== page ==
Learn some of our favorite playful ideas for helping kids practice the fine motor and hand eye coordination skills needed for self-feeding with utensils!
*All of the activities in this post should only be used with close and constant supervision from an adult due to safety concerns. Never leave young children alone to play with feeding utensils or small objects.
Many occupational therapists get referrals for kids who are struggling at mealtimes. Feeding is such a complex area of practice and feeding issues can take so many forms – from kids who struggle with accepting different tastes and textures to kids who struggle with oral motor skills and chewing. Sensory processing concerns and challenging behaviors can lead to a great deal of frustration surrounding mealtimes.
One other challenge kids face when it comes to self-feeding is using utensils accurately and independently. For many kids using a spoon or fork to scoop or pick up food doesn’t come easily. These kids can often benefit from extra practice and exposure to these skills through play!
When do kids start using utensils?
Babies often start using a spoon by 12 months of age. At this age, self-feeding is likely to be very messy and inaccurate, with most kids becoming more independent and accurate by the age of 2.
Once kids have mastered using a spoon, we can introduce a kid-friendly plastic fork, usually when the child is around 18 months of age. We should start to see kids becoming more independent with using a fork around 2 years old.
Start With the Basics
Before we get into some of our favorite utensil practice ideas, it’s important to take a moment to focus on the basics. As therapists, we know that stability in the center of the body (the core) supports control and accuracy in the movements of our limbs – especially the movements of our arms, hands, and fingers.
This “proximal stability” (stability in the core) is essential for kids to become independent with using utensils for feeding. We can target proximal stability in two different ways.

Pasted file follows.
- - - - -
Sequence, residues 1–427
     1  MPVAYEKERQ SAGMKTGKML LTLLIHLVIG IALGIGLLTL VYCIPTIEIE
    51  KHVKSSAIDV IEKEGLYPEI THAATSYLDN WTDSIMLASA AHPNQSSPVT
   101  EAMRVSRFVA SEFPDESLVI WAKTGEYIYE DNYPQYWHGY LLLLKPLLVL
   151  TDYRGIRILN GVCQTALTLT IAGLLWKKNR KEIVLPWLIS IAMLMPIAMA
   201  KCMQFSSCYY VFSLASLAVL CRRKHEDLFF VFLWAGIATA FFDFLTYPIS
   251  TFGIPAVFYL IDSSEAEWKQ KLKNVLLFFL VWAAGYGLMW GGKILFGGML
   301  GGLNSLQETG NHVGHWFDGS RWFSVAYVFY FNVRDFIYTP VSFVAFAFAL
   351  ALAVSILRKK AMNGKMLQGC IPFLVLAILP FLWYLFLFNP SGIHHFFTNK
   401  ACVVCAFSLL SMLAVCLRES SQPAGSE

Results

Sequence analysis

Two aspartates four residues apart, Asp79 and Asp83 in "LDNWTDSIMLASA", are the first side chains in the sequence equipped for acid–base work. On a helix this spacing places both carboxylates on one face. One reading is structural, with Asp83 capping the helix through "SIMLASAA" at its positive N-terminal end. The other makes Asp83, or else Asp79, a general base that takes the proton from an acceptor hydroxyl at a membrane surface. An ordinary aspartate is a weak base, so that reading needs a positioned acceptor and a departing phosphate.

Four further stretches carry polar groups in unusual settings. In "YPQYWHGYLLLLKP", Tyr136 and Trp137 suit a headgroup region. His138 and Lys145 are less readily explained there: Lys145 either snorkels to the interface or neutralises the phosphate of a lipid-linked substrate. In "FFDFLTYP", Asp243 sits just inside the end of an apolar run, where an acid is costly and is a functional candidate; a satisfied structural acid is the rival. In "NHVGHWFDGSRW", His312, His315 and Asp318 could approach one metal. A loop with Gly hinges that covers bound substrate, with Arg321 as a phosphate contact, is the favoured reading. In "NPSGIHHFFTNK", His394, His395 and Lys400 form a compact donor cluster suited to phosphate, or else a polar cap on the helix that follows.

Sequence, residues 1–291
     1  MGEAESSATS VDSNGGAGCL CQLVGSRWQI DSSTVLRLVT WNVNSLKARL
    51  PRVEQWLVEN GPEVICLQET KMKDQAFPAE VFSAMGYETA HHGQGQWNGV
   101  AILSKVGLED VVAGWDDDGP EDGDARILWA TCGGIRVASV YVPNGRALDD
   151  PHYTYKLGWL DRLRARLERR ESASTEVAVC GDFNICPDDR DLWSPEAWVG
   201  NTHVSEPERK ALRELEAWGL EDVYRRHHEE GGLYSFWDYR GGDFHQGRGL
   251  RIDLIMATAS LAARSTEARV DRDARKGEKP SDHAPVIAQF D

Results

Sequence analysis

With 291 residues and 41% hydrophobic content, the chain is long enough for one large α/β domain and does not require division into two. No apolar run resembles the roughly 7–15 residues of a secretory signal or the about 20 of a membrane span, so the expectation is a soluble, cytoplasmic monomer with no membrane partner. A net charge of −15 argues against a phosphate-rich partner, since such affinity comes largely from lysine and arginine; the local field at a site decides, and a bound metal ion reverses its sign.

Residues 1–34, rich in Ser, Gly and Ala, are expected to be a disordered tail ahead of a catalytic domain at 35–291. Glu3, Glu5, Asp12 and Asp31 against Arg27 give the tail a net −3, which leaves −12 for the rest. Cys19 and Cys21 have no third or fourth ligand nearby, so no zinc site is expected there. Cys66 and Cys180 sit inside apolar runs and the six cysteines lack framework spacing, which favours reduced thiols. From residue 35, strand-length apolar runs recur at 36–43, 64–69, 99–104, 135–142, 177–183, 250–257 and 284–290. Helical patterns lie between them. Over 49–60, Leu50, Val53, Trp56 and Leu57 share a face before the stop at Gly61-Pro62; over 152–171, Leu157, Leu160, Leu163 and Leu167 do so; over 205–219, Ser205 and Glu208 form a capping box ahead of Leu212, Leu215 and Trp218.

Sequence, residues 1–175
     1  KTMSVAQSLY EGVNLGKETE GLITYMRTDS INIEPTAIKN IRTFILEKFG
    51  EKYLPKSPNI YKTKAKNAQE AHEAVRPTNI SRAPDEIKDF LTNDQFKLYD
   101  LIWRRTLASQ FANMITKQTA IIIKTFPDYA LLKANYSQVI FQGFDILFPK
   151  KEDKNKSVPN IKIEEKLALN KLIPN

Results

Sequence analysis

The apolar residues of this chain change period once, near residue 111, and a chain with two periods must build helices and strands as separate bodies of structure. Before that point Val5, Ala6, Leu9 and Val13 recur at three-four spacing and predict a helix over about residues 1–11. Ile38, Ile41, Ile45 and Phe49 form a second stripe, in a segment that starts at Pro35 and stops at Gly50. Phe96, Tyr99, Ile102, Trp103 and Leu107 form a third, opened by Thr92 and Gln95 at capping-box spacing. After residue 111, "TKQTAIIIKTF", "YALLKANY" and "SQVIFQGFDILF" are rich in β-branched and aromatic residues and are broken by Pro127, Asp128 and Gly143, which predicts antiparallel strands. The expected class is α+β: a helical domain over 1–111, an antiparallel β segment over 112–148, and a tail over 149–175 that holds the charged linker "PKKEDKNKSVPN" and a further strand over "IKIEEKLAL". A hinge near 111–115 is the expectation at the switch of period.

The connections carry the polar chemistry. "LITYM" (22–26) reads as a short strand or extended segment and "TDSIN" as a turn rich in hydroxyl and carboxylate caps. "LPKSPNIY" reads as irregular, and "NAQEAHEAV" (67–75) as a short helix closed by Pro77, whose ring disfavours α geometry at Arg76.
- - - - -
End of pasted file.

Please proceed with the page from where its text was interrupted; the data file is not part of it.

First, through core strengthening activities, we can support kids in developing these critical muscle groups. Second, we can ensure that kids are positioned properly when they’re eating with supportive seating options and a focus on how they are positioned in their seat. Learn more about the best position for your child during mealtimes.
With these basics about core strength and positioning in mind, we’re ready to move on to fun and creative ways to practice the fine motor skills and hand-eye coordination kids will need for self-feeding with utensils.
How to Help Kids Practice Self-Feeding With Utensils
Practicing With Scooping
Fill a large plastic bin with water and add cups for scooping and pouring.
Fill a large plastic bin with water and a handful of pony beads. Provide the child with a spoon and instruct them to scoop out a specific colored bead. Vary the size of the spoon for more or less of a challenge.
Sensory Bin Play
Fill a large plastic bin with dry black beans or dry rice. Include cups and spoons for kids to practice scooping and pouring.
Fishing Sensory Bin
Cut several pipe cleaners in half and bend them into fish shapes. Fill a large plastic bin with water and add the fish to the bin. Give kids small wooden dowel rods or wooden skewers to use as fishing rods to catch the fish.
Provide kids with plastic spoons and pudding or yogurt. Allow them to dip their spoon into the pudding or yogurt and then use the utensil to paint on a piece of card stock.
Cooking and Food Preparation
Having kids help in the kitchen is a great way to work on utensil practice. Have them help stir batter in a bowl. Ask them to help scoop batter into a muffin tin. Have them place scoops of cookie dough onto a baking sheet.
Play Dough Practice
Add plastic utensils to your bin of play dough tools. Kids can practice picking up small pieces of play dough with a fork or scooping up pieces of play dough with a spoon. You can also practice these skills with mini marshmallows as an alternative to play dough.
Practicing With Bringing a Utensil to the Mouth
These ideas are perfect for working with kids on motor planning the action of bringing a utensil to their mouth or face.
Rubbing lotion on face
Play with a regular or vibrating toothbrush
Play with a vibrating oral sensory toy
Making music with harmonicas and whistles
Eating popsicles or suckers
Additional ideas for self-feeding and feeding concerns:
Oral Sensory & Olfactory Strategies for Teens [FREE Printable]
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